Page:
In college everyone is encouraged to try new things, experiment, and to broaden their horizons as an artist and as a person. No experience encapsulated all these things better than my time in Sao Tome and Principe with MICA in 2012.
Most colleges have abroad programs to Europe and Asia, but there are very few opportunities to visit a place so remote, different, and largely untamed. Sao Tome and Principe are places where you can explore something completely outside your realm of understanding. We explored overgrown cacao plantations, painted on the beach, attended the prom of one of our student translators, and drew portraits of people who’d never seen their own photograph. It was also a very individualized experience-- some of us worked with local woodcarvers and seamstresses, some of us learned how to break dance at the community center, and some of us chose to spend all our time making art. My memories from this brief time abroad are incredibly valuable, and it was an adventure in the truest sense. The trip requires some fearlessness, but all of us who went were very well rewarded. “Life shrinks or expands in proportion to one’s courage” (Anais Nin), after all!
Christina with Batuquadeiras in Cape Verde.
As a graduate of University of Maryland’s Landscape Architecture Program, I saw the Summer Travel Intensive to Sao Tome as a way to improve my skills while seeing an incredibly challenged part of the world. Admittedly, I had to Google search Sao Tome while looking into the program, however, after learning more about the Portuguese colonized country, I couldn’t contain my excitement. With each day’s activity we had the opportunity for cultural exchange leading to a great understanding of the complexity of the issues that typically plague a post colonial African nation. It seemed impossible to contain the richness of the experience in one medium. At the completion of the program myself and a group of 3 other students performed a modern dance piece wearing elaborate costumes made of found materials, to a group of international and national stakeholders. The piece was performed at a gallery exhibition of other students and artists work.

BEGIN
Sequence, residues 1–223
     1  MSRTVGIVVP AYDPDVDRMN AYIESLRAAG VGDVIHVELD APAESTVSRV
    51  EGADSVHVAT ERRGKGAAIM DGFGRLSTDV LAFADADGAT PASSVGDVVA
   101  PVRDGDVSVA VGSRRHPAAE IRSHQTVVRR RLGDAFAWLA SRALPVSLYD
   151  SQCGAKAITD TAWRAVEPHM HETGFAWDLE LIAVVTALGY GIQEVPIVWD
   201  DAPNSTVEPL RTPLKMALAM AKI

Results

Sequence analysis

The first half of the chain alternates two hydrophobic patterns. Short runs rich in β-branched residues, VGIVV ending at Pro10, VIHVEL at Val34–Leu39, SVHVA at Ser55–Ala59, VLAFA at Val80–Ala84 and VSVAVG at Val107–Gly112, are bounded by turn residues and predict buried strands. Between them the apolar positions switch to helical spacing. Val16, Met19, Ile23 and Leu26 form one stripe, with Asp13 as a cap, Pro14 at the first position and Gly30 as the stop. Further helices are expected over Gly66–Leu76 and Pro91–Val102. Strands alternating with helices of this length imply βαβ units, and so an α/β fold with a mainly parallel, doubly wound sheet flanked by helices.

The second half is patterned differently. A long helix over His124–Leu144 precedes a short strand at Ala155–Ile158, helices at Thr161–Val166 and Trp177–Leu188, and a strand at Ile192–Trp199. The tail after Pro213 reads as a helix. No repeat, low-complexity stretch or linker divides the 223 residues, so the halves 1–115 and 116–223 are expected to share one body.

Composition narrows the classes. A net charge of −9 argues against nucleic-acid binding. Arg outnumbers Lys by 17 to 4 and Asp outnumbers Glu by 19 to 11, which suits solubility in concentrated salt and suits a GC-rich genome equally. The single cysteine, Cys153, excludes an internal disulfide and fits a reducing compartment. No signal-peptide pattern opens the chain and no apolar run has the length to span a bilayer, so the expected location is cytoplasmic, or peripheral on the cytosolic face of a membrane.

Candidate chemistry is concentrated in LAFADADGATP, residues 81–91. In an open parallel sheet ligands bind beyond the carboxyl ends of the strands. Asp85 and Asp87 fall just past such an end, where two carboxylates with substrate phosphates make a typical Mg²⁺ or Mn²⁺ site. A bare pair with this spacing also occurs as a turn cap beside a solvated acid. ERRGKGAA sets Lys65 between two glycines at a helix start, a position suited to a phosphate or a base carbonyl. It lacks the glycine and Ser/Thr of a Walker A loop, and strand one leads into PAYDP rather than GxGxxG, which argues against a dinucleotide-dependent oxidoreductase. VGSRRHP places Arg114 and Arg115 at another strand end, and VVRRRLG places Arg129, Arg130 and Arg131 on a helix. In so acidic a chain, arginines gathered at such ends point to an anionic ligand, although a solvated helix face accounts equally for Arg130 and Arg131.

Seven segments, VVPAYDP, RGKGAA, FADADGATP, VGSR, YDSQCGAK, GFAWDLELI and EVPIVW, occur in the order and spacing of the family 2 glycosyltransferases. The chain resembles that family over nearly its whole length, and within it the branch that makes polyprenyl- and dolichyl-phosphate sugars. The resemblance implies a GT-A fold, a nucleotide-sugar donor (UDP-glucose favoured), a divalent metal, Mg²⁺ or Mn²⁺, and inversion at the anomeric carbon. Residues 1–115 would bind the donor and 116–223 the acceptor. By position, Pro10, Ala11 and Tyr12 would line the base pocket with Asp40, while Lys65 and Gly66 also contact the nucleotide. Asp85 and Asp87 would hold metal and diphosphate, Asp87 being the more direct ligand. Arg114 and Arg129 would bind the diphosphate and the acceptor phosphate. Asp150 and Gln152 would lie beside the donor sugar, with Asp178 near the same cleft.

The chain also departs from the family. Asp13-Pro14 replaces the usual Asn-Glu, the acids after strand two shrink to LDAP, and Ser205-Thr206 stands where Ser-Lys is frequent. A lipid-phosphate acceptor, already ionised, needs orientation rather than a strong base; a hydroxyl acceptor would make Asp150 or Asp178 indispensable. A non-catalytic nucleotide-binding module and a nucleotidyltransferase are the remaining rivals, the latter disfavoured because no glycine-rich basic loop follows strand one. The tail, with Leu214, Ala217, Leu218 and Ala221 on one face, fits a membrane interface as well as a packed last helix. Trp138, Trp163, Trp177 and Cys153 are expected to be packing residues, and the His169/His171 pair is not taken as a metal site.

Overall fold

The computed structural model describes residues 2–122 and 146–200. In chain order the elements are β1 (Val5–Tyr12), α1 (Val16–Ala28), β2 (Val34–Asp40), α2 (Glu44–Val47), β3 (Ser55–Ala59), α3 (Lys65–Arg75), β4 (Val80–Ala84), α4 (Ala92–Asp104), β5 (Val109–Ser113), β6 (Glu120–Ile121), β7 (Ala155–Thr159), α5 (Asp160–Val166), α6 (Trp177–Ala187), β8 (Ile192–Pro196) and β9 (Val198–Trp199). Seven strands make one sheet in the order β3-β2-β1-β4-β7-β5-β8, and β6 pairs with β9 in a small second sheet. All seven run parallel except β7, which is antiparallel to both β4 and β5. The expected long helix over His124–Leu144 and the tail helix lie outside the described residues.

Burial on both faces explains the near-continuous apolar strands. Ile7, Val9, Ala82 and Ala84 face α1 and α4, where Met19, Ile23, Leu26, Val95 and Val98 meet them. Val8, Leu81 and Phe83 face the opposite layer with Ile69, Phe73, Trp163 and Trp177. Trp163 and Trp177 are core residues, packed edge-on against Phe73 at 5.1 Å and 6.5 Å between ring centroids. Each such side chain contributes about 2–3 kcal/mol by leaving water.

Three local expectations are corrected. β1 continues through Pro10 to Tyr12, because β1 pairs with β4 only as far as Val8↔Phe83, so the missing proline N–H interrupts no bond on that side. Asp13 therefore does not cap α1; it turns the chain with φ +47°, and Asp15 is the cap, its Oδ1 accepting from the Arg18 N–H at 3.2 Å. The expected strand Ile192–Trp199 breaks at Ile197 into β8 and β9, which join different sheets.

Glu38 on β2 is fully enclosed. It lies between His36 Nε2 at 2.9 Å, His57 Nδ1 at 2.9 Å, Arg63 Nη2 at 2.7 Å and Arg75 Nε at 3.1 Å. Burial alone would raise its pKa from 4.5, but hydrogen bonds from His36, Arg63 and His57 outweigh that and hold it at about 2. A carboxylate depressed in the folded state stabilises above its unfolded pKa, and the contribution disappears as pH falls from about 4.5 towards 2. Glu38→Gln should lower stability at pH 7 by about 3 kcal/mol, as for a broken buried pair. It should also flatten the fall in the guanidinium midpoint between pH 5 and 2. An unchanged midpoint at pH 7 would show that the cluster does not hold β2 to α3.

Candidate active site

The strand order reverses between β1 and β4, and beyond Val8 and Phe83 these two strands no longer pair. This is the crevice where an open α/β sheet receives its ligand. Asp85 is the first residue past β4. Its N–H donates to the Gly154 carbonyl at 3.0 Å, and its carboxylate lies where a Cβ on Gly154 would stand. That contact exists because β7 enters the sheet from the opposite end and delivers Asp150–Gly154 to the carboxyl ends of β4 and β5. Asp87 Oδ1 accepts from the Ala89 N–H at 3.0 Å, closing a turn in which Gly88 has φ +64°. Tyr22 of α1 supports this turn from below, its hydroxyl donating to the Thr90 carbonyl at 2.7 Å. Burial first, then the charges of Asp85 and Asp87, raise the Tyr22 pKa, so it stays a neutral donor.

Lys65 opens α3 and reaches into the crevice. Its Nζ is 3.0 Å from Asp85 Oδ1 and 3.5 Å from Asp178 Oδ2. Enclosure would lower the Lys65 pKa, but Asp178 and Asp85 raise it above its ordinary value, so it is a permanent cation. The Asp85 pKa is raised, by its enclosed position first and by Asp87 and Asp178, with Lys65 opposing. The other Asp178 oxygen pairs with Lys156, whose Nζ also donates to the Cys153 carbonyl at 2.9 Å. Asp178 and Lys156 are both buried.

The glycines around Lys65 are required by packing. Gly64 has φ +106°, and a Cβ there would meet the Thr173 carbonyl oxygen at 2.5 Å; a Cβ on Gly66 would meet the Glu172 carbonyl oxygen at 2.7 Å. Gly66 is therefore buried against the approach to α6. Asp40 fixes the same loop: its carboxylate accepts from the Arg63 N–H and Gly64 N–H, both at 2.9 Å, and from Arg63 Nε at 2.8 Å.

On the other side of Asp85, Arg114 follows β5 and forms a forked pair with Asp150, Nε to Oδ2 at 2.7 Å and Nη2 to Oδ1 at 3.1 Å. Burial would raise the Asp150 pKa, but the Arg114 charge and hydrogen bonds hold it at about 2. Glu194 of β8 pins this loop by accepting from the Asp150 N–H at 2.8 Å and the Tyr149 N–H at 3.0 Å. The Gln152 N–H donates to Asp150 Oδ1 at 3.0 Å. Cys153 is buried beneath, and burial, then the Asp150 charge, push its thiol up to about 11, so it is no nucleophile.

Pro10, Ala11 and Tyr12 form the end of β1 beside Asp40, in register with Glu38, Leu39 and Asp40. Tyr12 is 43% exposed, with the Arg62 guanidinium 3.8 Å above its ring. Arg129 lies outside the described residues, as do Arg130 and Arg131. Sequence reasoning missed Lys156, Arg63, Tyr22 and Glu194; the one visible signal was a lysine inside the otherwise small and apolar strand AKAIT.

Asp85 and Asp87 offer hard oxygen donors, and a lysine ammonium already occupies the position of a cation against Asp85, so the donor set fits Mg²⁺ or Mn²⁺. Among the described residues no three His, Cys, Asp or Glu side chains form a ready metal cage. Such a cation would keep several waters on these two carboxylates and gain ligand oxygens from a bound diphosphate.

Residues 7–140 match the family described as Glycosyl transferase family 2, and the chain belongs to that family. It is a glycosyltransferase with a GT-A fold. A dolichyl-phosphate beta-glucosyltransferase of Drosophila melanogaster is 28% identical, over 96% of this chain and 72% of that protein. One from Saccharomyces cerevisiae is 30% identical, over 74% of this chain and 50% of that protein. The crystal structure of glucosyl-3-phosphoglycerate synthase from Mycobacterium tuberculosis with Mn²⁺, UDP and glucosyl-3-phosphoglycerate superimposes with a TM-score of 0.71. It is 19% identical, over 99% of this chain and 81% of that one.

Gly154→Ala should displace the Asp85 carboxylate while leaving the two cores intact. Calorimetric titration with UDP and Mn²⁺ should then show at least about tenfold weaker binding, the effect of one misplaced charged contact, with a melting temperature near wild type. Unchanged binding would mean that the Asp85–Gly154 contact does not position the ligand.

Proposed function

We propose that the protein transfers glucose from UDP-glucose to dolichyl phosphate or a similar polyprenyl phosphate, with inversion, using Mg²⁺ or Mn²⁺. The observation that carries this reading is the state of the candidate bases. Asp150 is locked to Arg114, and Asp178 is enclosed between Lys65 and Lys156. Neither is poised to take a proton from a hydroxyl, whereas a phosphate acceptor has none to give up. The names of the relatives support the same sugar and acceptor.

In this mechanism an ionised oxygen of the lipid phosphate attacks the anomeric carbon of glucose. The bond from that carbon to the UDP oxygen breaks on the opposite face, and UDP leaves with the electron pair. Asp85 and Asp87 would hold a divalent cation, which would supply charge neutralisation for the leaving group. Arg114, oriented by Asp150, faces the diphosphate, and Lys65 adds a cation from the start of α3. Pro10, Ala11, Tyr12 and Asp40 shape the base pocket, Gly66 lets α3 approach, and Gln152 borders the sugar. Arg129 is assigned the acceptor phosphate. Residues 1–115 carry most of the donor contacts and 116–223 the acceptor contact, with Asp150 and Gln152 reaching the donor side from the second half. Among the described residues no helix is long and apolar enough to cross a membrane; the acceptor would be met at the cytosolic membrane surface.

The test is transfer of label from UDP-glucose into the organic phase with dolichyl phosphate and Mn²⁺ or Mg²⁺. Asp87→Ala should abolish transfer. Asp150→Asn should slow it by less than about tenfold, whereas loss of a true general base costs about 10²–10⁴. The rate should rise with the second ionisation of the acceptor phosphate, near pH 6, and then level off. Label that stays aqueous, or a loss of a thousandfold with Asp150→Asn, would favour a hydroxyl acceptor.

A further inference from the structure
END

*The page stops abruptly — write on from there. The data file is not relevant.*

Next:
The experience inspired me to explore in detail the complex issues that are integral to post colonized African countries. Upon returning to the United States I applied for the Peace Corps and spent two years in Zambia working and living in rural communities. Since returning from Zambia I have recently started graduate school at American University’s School of International Service studying Global Environmental Policy in hopes to dedicate a career toward solving problems associated with developing countries in Africa.
Lauren at the Cacau space.
…I would have never guessed that my experience in Sao Tome would be tantamount to an awakening. Never before had I been immersed in a culture so rich in art, and also so willing to share this art with a complete stranger. Being immersed in the Sao Tomean culture revealed just how dynamic art around the world can be and how a country can be molded by art and vice versa. My exposure to the unspoiled way of life opened up my mind to the idea of international development work eventually leading to my current job as a Peace Corps volunteer in Burkina Faso working in Community Economic Development…and my exploration in art continues still!!!
John in Burkina Faso